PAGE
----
Don’t delay! The older your kids get, the harder it is to squeeze them into humiliating outfits.

Treasure these precious years when they’re still small enough that you can get away with all sorts of hilariously inappropriate and potentially unsafe costumes.

But whatever you do, don’t actually sit on the baby!
Shape Mouth: Rnd 1: K 33 sts, bind off 10 sts, k to end of rnd – 66 sts.

Rnd 2: K to bound-off sts, cast on 15 sts, mark 8th cast-on st for center st, k to end of rnd – 81 sts.

Rnd 3: K to 1 st before marked st, sl 1, k 2 tog, psso, mark last st on right-hand needle, k to end – 79 sts.

Rnd 4: Repeat back inc rnd – 81 sts.

Rnd 5: Repeat rnd 3 – 79 sts. K 1 rnd.

Rnd 7: K to marked st, sl marked st, k 1, psso, remove marker, k to end – 78 sts.

Rnd 8: Repeat back inc rnd – 80 sts.

Shape Eyes: Rnd 1: K 30 sts, bind off 20 sts, k to end – 60 sts.

Rnd 2: K to bound-off sts, cast on 20 sts, k to end – 80 sts. K 2 rnds even, repeat back inc rnd, k 4 rnds even, repeat back inc rnd – 84 sts.

Work even in R until piece measures 4 3/4’’ above ribbing when mask is measured at side of face. Break off R, join Y. Work 4 rows. Break off Y, join R. Work even in R until piece measures 6’’ above ribbing.
And if you’re the single, unemployed mother of octuplets...

At least she didn’t dress up the babies in Red Indian ski masks. That would have been offensive.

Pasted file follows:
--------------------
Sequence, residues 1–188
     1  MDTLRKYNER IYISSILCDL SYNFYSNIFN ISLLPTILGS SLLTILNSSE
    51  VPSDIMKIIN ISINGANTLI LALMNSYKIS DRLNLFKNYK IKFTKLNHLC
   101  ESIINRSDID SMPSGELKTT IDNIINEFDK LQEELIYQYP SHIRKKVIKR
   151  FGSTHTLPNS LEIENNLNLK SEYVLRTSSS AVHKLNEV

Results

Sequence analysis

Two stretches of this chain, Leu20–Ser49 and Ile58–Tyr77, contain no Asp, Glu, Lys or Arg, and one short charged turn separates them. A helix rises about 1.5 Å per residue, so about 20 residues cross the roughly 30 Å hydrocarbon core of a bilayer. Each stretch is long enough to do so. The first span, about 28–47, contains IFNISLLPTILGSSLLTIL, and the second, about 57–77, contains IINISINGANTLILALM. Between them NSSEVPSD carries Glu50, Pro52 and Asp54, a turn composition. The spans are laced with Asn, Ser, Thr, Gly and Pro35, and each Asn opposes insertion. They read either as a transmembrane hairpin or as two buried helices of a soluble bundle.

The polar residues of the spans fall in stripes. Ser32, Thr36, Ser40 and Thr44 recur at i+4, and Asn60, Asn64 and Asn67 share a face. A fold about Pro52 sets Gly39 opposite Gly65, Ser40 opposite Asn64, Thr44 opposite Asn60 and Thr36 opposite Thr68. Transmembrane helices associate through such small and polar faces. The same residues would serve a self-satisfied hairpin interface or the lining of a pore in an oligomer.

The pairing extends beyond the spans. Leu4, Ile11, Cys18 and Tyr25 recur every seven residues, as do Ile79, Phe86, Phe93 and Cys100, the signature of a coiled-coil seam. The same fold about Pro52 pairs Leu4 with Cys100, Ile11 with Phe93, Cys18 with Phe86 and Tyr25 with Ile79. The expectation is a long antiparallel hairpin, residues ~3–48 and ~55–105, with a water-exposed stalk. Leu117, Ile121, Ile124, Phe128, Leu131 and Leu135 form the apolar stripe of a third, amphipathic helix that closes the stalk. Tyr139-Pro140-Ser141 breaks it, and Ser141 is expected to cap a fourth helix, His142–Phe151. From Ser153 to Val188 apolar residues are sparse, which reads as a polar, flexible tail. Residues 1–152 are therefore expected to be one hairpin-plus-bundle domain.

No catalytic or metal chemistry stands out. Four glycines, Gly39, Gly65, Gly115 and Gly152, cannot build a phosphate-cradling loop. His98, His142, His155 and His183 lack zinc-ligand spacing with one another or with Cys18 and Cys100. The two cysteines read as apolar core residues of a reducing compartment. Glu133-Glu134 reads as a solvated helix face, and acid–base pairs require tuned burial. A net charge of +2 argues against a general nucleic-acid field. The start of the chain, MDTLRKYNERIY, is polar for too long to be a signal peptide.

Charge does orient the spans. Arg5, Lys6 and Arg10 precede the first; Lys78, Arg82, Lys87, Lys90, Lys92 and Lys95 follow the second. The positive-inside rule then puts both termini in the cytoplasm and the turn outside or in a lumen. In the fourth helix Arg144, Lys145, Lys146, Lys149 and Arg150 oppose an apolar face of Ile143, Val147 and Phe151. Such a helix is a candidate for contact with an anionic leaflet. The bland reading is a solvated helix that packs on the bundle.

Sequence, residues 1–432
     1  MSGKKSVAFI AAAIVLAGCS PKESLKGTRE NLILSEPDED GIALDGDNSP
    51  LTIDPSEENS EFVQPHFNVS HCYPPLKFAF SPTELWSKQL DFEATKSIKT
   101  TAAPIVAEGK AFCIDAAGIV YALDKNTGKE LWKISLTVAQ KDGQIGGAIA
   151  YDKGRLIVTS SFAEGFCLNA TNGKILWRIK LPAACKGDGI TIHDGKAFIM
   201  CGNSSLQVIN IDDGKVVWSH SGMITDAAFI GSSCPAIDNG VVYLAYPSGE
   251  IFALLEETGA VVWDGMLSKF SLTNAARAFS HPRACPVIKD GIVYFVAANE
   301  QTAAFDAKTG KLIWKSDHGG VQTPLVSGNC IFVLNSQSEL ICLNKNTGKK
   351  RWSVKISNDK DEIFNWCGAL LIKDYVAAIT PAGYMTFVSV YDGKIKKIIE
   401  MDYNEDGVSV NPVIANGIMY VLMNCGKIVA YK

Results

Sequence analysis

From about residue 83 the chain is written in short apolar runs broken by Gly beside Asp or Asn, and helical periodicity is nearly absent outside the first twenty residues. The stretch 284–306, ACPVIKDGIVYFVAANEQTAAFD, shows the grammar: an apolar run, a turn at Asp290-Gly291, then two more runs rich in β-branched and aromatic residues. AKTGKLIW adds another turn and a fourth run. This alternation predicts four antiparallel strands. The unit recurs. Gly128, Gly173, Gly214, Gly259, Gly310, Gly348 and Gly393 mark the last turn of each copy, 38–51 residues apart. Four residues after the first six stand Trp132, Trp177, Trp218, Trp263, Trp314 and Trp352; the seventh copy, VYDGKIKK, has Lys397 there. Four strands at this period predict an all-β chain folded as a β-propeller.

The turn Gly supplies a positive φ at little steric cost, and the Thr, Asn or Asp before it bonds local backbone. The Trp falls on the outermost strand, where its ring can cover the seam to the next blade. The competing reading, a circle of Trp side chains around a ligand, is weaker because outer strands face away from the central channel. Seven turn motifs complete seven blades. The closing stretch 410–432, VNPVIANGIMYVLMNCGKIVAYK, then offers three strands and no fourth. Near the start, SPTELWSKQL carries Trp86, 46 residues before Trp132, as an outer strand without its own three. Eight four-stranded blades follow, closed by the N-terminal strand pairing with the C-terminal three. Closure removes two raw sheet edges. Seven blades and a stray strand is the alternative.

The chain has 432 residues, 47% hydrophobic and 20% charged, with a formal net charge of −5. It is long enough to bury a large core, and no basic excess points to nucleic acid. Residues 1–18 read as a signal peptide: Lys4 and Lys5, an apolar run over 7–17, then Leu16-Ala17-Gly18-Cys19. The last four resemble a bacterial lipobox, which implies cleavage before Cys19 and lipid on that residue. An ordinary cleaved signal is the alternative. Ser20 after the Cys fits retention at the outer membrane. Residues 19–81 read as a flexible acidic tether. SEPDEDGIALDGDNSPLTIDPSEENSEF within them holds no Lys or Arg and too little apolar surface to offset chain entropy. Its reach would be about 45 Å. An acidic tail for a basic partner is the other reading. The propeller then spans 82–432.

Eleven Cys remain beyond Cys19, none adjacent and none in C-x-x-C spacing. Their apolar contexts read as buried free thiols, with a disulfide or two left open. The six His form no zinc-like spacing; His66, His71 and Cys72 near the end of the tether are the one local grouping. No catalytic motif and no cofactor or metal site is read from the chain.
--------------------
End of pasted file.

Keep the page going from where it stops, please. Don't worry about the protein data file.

Shape Top: * Sl 1, k 1, pssp, k 10, repeat from * around. Continue to dec 7 sts every other rnd in same way having 1 st less between decs after each dec rnd 4 times more, then dec same way every rnd until 7 sts remain. Break yarn, leaving 12’’ end. Draw end through remaining sts, fasten securely on wrong side.

FINISHING: From right side, with BL, work 1 row sc around edge of mouth and eyes.

NOSE PIECE: Starting at bottom edge, cast on 6 sts. K 1 row, p 1 row. Dec 1 st each side of next row – 4 sts. P 1 row. Dec 1 st each side of next row – 2 sts. P 1 row. K 6 rows (garter st). K next row, inc 1 st each end – 4 sts. P 1 row, k 1 row. P next row, inc 1 st each side of next row – 6 sts. K 1 row, p 1 row. Bind off. Sew between eyes as pictured.

EMBROIDERY: Note: All embroidery is done in BL using duplicate st (see page 22).

Embroider a line of 8 sts 4 rows under mouth; embroider a line of 9 sts 2 rows above yellow band, centered over nose piece. Embroider “eyebrows” over eyes as pictured. Embroider “war paint” under eyes following chart.

This chart will also come in handy for the nurse stitching up your son after he goes trick-or-treating in Oka, Québec.
Steam press lightly.

FEATHERS: With R cast on 5 sts, leaving strand for sewing. K 1 row.

Pattern: Row 1: K 2 tog, yo, k 1, yo, k 2 tog.

Row 2: Purl. Repeat these 2 rows 4 times more.

Next Row: K 2 tog, k 1, k 2 tog – 3 sts. P 1 row, k 1 row, p 1 row. Next Row: K 1, yo, k 1, yo, k 1. P 1 row. Repeat rows 1 and 2 of pattern 4 times. K tog the 5 sts, end off. Run in yarn end. Thread needle with strand from cast-on edge. Run thread through cast-on sts, pull tog, fasten securely. Weave red pipe cleaner through center p st on wrong side. Make another feather same way using Y. Fold feathers in U shape. Sew on above BL line as shown.
If after all your knitting, sewing, steam pressing and feathering, your ungrateful spawn refuses to wear the ski mask, you can always pull out the big guns.

“Wear the mask, Junior, or your Dad and I will accompany you door-to-door dressed like this!”

Click here for the printable pattern.

1 comment:

  1. Hi. I seem to be coming up with Tahki's cotton yarn pointing to your page but can't find it anywhere! I just needed to get a weight so i can make a baby backpack that uses it!
    Hope you can help. Thanks. you can email